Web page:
Challenges for Empirical Research on RPM
Review of Industrial Organization, January 2017
Resale price maintenance (RPM) is a contractual arrangement between manufacturers and distributors that establishes a price range (typically, a minimum price) for which a product may be sold at retail. Depending on the product and market in question, there are sound economic arguments for both pro- and anti-competitive consequences to RPM agreements. However, given that the contracts themselves are rarely accessible to researchers, it can be difficult to determine whether an RPM agreement even exists in a given market, much less to definitively isolate and study the RPM's knock-on effects in terms of competition and consumer welfare. Thus, lawmakers have long struggled with a scarcity of empirical evidence when it comes to guiding effective public policy.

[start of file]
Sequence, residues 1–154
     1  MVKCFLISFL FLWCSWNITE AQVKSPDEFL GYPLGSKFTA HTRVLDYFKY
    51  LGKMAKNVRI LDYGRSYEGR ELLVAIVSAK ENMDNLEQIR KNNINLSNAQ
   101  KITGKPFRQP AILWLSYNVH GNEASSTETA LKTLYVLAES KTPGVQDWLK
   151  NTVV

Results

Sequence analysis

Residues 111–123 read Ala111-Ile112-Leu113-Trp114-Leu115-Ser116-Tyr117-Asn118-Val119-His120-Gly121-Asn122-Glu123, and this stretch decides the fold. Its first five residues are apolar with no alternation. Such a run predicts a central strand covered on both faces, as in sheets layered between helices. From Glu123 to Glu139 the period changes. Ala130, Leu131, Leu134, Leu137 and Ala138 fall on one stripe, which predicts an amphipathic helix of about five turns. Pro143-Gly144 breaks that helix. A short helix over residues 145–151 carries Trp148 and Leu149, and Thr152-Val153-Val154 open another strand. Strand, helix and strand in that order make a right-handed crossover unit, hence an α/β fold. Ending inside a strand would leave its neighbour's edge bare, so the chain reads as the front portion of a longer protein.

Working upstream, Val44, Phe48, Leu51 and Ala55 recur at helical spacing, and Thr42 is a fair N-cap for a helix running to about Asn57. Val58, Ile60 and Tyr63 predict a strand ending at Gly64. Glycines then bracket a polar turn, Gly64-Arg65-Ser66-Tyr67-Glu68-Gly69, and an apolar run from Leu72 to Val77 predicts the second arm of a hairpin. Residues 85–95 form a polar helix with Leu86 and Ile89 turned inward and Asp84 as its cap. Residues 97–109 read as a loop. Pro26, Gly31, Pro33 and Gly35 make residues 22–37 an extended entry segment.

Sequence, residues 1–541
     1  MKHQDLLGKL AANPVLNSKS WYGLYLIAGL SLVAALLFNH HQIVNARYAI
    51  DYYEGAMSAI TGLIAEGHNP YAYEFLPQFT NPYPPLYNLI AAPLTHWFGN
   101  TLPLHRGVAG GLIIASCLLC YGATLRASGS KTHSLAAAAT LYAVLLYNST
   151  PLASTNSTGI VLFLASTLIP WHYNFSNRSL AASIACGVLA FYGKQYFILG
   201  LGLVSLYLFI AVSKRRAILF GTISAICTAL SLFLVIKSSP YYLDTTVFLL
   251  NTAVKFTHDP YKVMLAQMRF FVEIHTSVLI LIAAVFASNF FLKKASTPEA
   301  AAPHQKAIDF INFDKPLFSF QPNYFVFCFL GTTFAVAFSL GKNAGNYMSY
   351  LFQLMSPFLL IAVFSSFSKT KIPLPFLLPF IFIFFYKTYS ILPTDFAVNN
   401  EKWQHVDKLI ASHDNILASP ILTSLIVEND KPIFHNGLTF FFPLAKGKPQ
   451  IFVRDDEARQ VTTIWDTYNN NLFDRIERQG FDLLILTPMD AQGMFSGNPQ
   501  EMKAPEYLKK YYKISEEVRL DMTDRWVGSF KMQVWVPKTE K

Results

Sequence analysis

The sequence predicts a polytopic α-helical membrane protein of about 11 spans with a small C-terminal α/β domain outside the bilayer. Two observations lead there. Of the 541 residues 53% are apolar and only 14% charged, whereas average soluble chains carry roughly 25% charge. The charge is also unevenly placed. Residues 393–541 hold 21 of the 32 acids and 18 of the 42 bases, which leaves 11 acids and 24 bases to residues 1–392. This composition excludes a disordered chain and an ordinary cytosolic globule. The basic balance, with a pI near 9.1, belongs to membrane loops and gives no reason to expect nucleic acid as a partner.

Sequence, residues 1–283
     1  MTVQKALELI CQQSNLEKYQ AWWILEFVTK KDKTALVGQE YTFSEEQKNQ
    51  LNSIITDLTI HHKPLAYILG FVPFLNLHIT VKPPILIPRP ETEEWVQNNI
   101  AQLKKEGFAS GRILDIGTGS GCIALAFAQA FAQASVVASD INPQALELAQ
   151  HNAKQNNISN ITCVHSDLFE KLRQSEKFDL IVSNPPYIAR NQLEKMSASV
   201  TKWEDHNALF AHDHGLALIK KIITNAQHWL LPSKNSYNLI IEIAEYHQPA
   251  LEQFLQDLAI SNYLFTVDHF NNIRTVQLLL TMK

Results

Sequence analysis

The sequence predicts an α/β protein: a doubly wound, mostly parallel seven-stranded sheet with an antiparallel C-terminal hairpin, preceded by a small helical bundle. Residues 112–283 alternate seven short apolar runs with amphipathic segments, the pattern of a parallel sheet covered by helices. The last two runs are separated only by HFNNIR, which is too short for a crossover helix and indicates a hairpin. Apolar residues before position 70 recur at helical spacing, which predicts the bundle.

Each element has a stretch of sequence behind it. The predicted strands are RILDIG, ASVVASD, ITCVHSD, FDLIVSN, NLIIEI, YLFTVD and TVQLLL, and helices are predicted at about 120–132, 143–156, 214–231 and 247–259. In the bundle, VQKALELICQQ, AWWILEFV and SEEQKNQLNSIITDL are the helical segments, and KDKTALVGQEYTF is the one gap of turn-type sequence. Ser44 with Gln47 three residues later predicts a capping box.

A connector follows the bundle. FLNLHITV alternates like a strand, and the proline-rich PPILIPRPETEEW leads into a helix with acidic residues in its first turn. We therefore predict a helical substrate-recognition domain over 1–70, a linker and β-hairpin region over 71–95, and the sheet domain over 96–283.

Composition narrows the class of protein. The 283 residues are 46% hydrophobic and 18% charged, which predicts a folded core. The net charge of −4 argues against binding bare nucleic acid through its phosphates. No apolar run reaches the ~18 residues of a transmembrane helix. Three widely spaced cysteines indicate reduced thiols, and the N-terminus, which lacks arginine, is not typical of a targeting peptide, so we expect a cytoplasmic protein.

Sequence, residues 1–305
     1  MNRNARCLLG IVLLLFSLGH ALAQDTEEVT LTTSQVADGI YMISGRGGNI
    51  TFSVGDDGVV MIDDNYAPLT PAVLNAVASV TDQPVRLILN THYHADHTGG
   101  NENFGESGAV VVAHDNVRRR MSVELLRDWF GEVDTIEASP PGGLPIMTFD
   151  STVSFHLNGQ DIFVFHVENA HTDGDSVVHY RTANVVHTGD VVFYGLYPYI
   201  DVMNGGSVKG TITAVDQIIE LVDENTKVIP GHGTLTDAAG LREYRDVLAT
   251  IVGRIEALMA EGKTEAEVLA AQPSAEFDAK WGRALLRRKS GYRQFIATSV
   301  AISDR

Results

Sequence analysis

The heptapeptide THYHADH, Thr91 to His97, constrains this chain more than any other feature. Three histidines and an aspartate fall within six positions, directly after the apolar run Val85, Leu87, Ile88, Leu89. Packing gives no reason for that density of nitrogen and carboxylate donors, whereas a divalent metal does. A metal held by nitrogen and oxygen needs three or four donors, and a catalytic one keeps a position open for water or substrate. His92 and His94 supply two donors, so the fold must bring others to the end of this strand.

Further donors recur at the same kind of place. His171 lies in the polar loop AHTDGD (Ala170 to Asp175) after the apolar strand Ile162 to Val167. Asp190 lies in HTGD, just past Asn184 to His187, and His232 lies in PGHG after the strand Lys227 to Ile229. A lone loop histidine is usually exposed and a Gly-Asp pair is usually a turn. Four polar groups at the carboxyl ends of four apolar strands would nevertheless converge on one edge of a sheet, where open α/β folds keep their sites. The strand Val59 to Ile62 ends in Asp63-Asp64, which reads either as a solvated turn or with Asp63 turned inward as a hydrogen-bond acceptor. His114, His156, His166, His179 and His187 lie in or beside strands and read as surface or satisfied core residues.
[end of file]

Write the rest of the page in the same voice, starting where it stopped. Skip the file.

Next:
In “Challenges for Empirical Research on RPM,” published online by Springer Science + Business Media, Analysis Group Manager David Smith and coauthor Alexander MacKay of Harvard University's Kennedy School of Government discuss this lack of market transparency and explore various ways in which researchers may attempt to clear the waters. Given the historical challenges, the authors explain, careful methodology will be the key to unlocking a more comprehensive understanding of RPM's effects going forward.
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